TRAER - Around almost every corner at North Tama Elementary School, science learning was brought to life Tuesday.
The school hosted a Science, Technology, Engineering and Mathematics Experience day as it brought in experts from several different fields to present and get students involved in projects.
As part of the STEM day, third graders checked out animals from the Grout Museum in Waterloo including a python, while the upper classes took to building model robots and wind turbines and designing Mars rovers.
T-R PHOTO BY ANDREW POTTER
Jason Dornbush, right, of the Grout Museum in Waterloo, lets North Tama Elementary third grade students pet a python during a special science learning day at the school. Students pictured, from left, are Emma Winkelpleck, Caleb TeBeest, Kylie Reichman and Alexis Hansen and the teacher in the background is Megan Smith.
"They love this hands-on learning," said fifth grade teacher Becky Adams whose class was programming robots to move in a maze.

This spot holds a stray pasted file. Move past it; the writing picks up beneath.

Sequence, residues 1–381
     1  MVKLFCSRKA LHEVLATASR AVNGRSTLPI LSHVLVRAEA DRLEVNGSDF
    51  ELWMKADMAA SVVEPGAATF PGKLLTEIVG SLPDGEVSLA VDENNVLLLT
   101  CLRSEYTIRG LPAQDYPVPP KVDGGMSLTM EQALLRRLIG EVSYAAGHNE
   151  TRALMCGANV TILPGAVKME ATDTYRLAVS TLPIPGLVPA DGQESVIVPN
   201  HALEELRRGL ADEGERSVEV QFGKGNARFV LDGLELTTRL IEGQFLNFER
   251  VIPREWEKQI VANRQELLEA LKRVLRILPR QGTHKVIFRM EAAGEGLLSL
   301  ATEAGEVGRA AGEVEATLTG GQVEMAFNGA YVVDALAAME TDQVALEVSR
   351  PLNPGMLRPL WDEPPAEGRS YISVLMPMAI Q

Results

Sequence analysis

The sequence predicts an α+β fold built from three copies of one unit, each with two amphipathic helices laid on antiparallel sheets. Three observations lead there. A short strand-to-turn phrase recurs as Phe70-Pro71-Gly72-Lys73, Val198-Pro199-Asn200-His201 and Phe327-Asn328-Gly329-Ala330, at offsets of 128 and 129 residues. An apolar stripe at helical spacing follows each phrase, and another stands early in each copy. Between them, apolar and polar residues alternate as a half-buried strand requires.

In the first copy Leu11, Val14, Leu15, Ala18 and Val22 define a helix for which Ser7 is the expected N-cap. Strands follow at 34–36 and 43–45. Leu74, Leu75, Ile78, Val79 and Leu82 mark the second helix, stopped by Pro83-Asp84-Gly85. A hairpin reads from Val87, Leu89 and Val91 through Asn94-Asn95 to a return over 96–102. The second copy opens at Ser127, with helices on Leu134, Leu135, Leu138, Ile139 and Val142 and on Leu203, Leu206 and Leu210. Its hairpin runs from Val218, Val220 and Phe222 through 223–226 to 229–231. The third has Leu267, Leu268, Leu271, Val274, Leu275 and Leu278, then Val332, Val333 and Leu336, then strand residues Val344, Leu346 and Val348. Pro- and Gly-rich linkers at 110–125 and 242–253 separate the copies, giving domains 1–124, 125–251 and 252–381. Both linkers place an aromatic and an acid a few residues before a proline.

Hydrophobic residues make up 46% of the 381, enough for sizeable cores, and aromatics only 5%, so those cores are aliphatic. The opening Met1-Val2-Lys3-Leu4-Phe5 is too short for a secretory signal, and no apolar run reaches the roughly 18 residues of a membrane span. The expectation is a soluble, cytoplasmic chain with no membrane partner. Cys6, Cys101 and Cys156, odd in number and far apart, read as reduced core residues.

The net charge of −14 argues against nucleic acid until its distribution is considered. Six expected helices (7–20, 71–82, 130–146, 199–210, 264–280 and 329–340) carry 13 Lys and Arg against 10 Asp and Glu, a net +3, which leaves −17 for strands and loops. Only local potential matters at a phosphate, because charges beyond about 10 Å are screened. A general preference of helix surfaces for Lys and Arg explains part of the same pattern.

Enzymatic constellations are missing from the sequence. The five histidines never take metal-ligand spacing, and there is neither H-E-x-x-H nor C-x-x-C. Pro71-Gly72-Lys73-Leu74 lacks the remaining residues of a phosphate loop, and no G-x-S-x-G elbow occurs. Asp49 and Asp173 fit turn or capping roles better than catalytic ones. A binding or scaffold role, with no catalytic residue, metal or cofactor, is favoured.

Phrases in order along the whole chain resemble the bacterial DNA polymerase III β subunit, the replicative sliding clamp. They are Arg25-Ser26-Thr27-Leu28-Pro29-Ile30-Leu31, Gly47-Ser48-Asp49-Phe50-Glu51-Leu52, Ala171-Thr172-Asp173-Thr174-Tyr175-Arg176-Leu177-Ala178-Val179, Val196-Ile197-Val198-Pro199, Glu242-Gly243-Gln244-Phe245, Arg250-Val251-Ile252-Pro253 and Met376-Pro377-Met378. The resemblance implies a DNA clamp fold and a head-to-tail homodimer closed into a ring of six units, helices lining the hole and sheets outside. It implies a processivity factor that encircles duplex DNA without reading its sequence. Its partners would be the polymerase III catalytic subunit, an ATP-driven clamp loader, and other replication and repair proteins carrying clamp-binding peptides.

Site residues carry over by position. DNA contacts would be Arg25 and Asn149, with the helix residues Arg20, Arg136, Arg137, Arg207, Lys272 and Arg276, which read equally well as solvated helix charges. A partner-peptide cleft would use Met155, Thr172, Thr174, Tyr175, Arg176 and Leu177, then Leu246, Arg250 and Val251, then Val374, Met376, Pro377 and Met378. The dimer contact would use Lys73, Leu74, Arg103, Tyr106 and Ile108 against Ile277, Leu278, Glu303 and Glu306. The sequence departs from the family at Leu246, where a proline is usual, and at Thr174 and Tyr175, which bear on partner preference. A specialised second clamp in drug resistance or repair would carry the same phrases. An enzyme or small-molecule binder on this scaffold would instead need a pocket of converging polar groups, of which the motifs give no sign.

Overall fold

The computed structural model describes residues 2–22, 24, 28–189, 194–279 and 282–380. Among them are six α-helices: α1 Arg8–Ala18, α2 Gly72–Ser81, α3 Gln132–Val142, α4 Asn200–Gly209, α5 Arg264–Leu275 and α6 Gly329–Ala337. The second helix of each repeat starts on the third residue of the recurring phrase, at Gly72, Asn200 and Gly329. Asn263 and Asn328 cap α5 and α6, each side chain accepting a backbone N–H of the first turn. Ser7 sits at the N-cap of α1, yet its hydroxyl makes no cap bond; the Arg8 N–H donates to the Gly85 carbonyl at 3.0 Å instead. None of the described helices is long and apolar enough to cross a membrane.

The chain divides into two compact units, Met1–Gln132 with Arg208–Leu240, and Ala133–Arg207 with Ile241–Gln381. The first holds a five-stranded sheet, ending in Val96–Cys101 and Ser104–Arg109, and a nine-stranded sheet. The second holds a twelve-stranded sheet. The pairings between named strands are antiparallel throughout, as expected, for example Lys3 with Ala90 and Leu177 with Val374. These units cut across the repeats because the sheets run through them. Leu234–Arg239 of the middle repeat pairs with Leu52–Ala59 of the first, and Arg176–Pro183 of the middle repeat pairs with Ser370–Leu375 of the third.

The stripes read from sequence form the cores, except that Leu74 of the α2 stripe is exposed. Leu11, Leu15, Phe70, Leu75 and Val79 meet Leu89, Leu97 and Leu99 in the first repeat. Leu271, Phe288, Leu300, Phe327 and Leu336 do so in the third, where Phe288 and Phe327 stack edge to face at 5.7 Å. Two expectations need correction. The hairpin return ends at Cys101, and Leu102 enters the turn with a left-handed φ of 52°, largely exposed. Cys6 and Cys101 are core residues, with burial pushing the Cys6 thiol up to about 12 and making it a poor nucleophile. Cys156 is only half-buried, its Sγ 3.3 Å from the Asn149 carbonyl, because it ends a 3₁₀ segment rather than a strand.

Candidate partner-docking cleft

Other guest presenters included those from the University of Northern Iowa's Center for Energy and Environmental Education, astronomy and physics graduate students from the University of Iowa and New Mexico State University and Iowa State University's Insect Zoo and Toying with Technology programs.
"It exposes kids to careers that probably they don't think about," said North Tama Elementary Principal Josh Youel.
It seemed the students were up for the task.
"The kids came to school and you could just feel the energy," Youel said.
The idea for a STEM day came from sixth grade teacher Lisa Chizek. She thought bringing in science experts from the business field would energize the students at the school and show how science is utilized in the real world.
"I thought we needed to bring them into the classroom to pump the kids up," Chizek said.
One influential person in higher education took notice and attended activities on the day - University of Northern Iowa President Ben Allen.
Allen is part of the statewide STEM leadership and wanted to see how it was being enacted with younger students.
"I wanted to see first hand how things are being done," Allen said. "Clearly, these students are excited about science. This is so important for the future that these kids get interested in science."
Youel said the plan is to further expand STEM day with hopes to get the younger elementary students involved next year.
The public is welcome to learn about the student projects at the STEM Experience fair at 12:30 p.m. March 6 at the school in Traer.